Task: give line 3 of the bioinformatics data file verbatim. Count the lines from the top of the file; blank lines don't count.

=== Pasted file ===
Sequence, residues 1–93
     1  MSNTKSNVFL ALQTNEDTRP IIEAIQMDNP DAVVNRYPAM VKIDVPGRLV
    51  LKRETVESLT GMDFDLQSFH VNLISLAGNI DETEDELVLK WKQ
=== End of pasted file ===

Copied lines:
    51  LKRETVESLT GMDFDLQSFH VNLISLAGNI DETEDELVLK WKQ